College athletics: to pay or not to pay?

The question of whether college athletes should be paid for playing sports is a topic of fiery debate across all sports media.

One side of the argument says it would help student athletes meet their financial obligations while the other side says paying them will negatively impact the dynamics of college athletics.

Critics claim athletic scholarships count as compensation and cover all traditional student expenses like tuition, housing and food. But this is not the case. The same critics do not take into account that even a full scholarship may not be enough to cover personal expenses like clothes, gas, or even spending money.

Colleges thrive on the profits they make from student athletes, but the athletes never see any of that money.

Case in point: colleges generate revenue from selling a player’s jersey, but the player is not entitled to any of the profits from the sale. The player is easily sidestepped because the jersey does not sport the name of the player; it only carries the player’s number.

Also, athletes do not receive income from TV and video game deals, or from post-season appearances.

In response, colleges emphasize athletes are students first, and ballplayers second. However, that is not how athletes view their own role.

Former Georgia running back Richard Samuel told Time magazine “In the fall, we would spend way more time on sports than academics.”

Essentially, the schools enroll players as full time students, but expect them to be full time athletes.

Consequently, as both full time athletes and students, they do not have the time for a part time job to earn extra money.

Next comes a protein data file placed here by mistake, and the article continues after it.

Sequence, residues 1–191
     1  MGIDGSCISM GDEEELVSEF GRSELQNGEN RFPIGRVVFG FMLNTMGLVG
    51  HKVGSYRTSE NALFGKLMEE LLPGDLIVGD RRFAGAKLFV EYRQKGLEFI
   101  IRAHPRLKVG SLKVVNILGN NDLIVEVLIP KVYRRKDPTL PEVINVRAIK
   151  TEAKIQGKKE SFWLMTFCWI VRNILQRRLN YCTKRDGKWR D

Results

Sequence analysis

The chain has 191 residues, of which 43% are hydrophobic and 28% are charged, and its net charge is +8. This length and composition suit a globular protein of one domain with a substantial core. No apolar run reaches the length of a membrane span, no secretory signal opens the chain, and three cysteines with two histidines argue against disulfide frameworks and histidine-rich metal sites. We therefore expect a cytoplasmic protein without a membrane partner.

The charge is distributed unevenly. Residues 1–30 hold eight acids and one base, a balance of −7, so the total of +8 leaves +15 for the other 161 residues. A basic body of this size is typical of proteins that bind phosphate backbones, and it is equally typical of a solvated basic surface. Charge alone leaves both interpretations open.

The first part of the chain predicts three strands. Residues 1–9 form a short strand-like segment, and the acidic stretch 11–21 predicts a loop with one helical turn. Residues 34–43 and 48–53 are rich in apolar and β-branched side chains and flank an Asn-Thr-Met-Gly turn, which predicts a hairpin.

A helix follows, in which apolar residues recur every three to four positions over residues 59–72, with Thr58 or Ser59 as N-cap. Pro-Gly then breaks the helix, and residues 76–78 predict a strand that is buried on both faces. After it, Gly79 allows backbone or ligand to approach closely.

Adrian Peterson, a former college athlete and current Minnesota Vikings running back told Time magazine athletes should be able to, at the very least, sell their memorabilia.

“Actors and actresses – these people can sign things and get paid for it.  How come this kid (Johnny Manziel) can’t?” Peterson told Time.

Players could easily capitalize on the sales of their autographs, jerseys, and pictures, but the NCAA forbids them to do so.

Meanwhile, college players are also missing out on income from the video game industry.

EA Sports, a maker of college and professional sports video games, avoids paying college players featured in their games because the players’ names do not appear anywhere, just their numbers.

Four years ago, former college basketball player Ed O’Bannon sued the NCAA for allowing EA Sports to use his likeness in one of their games.

Basketball legends Bill Russell and Oscar Robertson also sued claiming the NCAA and their former colleges made money off of their likenesses, but they did not see a penny of that money.

Robertson told Time, “I think in this day and age as opposed to yesteryear, the concept of what they consider amateur basketball is gone forever.”

Community college athletes, even though it is less than that of their university counterparts, still shoulder a heavy financial burden.

San Jacinto College basketball player Anthony Miles said, “I have my school paid for, but I could always use some extra money for gas, to be able to go out to eat, and hang out with my friends.”